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Chemical experts Syria mission in limbo

Chemical experts Syria mission in limbo

Photo Nikki R. Haley, the United States ambassador to the United Nations, had said the administration would impose sanctions on Russian companies found to be assisting Syria's chemical weapons program, a position later contradicted by the White House.

"It is highly likely that evidence and essential elements disappear from the site, which is completely controlled by the Russian and Syrian armies", the French foreign ministry said.

Damascus and Moscow have both denied using poison gas and have broadcast statements from hospital workers in Douma - which medical aid groups operating in rebel areas have dismissed as propaganda - saying that no chemical attack took place.

On the evening of 13 April 2018, the United States and European allies launched airstrikes against Syrian research, storage, and military targets as part of an operation intended by President Donald Trump to punish Syrian President Bashar al-Assad for a suspected chemical attack near Damascus that reportedly killed more than 40 people.

Big explosions were heard overnight near Shayrat air base, southeast of Homs city, and near Damascus where two other air bases are located, the Syrian Observatory for Human Rights reported.

Both the United States and Israel appeared to deny involvement in the overnight incident, which would have been the third time that Homs province was bombed in just over a week.

Quoting an unnamed military official, state TV said air defences fired a number of missiles due to a "false alarm", but gave no more information.

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A boy stands next to the remains of a bomb in Douma on Monday.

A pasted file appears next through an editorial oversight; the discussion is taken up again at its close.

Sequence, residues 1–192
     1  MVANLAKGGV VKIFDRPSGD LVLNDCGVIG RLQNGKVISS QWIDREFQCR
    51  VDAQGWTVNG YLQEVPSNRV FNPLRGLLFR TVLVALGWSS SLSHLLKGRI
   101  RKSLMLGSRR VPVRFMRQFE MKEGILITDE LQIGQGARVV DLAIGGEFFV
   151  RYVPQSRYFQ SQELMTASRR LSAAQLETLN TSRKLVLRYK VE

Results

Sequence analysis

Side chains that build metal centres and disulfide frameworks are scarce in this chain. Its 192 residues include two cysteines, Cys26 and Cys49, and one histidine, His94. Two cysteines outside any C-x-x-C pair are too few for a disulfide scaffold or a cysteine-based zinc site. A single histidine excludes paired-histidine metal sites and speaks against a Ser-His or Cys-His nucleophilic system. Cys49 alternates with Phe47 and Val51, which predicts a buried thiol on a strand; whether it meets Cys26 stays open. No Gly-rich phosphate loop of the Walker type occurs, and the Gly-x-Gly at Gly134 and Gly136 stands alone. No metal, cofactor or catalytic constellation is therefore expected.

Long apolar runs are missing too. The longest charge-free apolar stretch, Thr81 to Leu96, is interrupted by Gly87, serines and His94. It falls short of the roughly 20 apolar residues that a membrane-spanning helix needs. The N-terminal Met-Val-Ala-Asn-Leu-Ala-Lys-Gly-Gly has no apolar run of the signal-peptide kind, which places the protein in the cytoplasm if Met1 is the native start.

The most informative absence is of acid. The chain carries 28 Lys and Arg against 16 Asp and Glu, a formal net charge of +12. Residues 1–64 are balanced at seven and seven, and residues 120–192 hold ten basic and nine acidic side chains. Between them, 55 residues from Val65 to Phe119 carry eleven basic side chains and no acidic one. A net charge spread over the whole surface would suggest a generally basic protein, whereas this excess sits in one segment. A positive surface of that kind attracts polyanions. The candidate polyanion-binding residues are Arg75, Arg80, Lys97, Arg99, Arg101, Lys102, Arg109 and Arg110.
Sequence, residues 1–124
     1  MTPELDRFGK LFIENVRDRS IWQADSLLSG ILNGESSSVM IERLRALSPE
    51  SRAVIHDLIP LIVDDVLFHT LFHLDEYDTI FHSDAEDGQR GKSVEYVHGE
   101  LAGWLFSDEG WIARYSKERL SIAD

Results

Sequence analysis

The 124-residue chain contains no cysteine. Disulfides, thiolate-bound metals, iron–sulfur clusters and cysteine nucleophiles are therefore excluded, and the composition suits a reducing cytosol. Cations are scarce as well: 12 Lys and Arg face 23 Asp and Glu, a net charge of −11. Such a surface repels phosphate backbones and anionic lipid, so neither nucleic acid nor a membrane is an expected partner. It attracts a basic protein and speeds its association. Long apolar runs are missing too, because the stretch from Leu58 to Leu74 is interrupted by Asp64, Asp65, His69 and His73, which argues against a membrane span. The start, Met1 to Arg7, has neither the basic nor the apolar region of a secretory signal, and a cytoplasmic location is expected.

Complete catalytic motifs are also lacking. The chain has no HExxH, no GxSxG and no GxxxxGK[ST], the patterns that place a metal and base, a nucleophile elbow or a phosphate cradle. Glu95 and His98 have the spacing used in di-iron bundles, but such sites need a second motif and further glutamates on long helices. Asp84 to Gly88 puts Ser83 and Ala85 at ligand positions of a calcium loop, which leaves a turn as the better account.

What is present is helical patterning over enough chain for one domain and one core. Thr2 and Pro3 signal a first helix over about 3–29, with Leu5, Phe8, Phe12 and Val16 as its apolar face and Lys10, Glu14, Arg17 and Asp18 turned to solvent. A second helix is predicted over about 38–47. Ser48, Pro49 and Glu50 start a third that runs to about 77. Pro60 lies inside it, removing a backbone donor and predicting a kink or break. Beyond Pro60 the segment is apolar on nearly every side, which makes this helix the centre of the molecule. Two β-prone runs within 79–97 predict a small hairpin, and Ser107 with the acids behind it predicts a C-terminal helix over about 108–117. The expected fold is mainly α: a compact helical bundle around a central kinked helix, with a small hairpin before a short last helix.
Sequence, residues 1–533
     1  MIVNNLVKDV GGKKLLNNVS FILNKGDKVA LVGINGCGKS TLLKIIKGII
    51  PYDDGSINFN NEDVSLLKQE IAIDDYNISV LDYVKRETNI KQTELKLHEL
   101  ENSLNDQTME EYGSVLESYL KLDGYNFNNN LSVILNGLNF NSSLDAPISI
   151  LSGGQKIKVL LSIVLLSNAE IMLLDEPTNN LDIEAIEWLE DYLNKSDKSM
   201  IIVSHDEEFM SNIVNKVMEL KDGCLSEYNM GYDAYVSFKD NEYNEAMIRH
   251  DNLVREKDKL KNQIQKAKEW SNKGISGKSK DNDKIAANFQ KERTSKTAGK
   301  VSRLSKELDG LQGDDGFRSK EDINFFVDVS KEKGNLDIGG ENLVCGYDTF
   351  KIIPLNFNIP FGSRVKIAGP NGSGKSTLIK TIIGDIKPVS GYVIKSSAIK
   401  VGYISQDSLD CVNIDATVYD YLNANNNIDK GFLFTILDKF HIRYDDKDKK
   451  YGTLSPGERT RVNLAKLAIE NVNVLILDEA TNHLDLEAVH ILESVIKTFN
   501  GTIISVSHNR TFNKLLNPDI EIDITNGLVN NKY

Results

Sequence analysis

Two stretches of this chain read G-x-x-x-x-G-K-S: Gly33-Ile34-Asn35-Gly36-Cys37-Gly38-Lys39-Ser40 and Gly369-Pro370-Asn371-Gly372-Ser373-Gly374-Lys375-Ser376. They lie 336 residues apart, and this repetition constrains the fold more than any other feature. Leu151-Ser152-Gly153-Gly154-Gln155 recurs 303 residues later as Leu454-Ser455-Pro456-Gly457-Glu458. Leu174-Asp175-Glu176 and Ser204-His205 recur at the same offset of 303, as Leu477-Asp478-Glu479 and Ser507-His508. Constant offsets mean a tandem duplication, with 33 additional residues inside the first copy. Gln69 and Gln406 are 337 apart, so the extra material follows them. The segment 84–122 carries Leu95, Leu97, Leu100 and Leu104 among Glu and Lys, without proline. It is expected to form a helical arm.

Russian President Vladimir Putin said the military strikes violated the U.N. Charter and that if they continue, "it will inevitably entail chaos in global relations", according to a Kremlin statement on Sunday.

USA and British officials have accused Russian units in Duma of trying to hide or tamper with evidence of the chemical attack, a claim Moscow denies. Several said a unusual smell started spreading and people screamed, "It's chlorine!"

Experts arrived in Damascus on Saturday, but they have been unable to visit the nearby town of Douma because of "security issues" cited by Russian Federation.

The lack of access to Douma has left unanswered questions about the attack earlier this month.

Earlier Monday, Russian Deputy Foreign Minister Sergei Ryabkov said the inspectors could not go to the site because they needed approval from the U.N. Department for Safety and Security. A unusual smell lingered, nine days after the attack. Her office said she planned to tell them the strikes were "in Britain's national interest" and were carried out to stop further suffering from chemical weapons attacks.

Separately, the AP spoke to a medic who was among those who later were evacuated to northern Syria. He said he tried to enter the shelter but was overcome by a strong smell of chlorine and his comrades pulled him out.